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30 Days of Night: Dark Days (2010): Flogging a Dead Format

30 Days of Night: Dark Days (Ben Ketai, 2010)


photo credit:

This time… it’s personal! (No, really.)

I didn’t like David Slade’s original 30 Days of Night film. (I have since tracked down the source material, though, and realize that instead of blaming Slade, as I did in my initial review of the film, I should have gone after Steve Niles; Slade was faithful to substandard source.) Which makes me wonder what I was even thinking watching a sequel. I might have avoided it had I read the IMDB comments, which (quite accurately) reflect the movie as derivative of Blade and Underworld, but without the quality of the former or the misguided talent of the latter.

Spoiler Alert!

NOTE: the plot synopsis contains a major spoiler for the first film.

photo credit: MTV

“You know, I should probably be way more turned on right now than I actually am.”

Plot: Stella Olemaun (A Perfect Getaway‘s Kiele Sanchez, cast after scheduling conflicts caused Melissa George, who was to reprise her role, to drop out), one of the few survivors of the vampires’ occupation of Barrow in the original film, has moved to Los Angeles with the intention of both publicizing the reality of vempires and drawing their attention to her in order to draw them out so she can get revenge for the death of her husband. She succeeds in the latter, at least, which leads to a string of bloody shoot-’em-ups. And when you have those, why would you need such niceties as plot and character development?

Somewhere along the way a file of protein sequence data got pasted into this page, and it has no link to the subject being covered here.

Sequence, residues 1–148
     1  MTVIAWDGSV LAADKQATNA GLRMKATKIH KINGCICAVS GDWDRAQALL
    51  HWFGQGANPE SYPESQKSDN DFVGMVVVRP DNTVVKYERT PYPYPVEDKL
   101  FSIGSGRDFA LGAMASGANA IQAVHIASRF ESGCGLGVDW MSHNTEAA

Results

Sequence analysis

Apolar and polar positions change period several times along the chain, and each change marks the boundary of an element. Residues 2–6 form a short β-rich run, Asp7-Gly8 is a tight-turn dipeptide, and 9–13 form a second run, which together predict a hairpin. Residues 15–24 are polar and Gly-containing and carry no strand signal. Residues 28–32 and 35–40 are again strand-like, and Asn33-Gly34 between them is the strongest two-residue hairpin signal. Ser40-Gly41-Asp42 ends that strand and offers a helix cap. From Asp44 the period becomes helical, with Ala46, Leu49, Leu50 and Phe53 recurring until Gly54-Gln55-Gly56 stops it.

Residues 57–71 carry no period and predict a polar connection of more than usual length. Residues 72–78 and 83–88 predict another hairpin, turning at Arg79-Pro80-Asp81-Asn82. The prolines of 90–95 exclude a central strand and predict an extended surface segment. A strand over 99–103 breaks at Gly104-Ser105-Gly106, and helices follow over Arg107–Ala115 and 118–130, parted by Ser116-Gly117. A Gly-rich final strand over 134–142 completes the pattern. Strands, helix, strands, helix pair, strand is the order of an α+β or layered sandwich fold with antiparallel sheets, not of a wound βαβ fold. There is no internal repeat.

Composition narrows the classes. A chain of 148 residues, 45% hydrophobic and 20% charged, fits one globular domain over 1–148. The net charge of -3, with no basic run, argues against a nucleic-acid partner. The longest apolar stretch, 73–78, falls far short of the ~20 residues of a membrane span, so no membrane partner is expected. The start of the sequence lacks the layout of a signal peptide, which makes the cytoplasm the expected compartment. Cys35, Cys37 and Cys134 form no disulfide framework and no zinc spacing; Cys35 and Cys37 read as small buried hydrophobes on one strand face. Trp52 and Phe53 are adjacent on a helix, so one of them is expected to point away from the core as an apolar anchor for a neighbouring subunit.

photo credit: Collider

“Dammit, you said the filets on the buffet were boneless!”

It’s too bad, because there are a number of very good actors who got duped into being in this mess (Harold Perrineau’s name stands out, as does Diora Baird’s), and they really deserved better than the crappy script they were given. Still, if you’re a fan of action horror and you’ve watched the (vastly superior…even the third one) Resident Evil movies too many times, this will fit the bill. Kind of. * ½



About Robert "Goat" Beveridge

Media critic (amateur, semi-pro, and for one brief shining moment in 2000 pro) since 1986. Guy behind noise/powerelectronics band XTerminal (after many small stints in jazz, rock, and metal bands). Known for being tactless but honest.

One response »

  1. Pingback: Riese (2010): The Hills Are Alive with the Sound of Poo-sic | Popcorn for Breakfast

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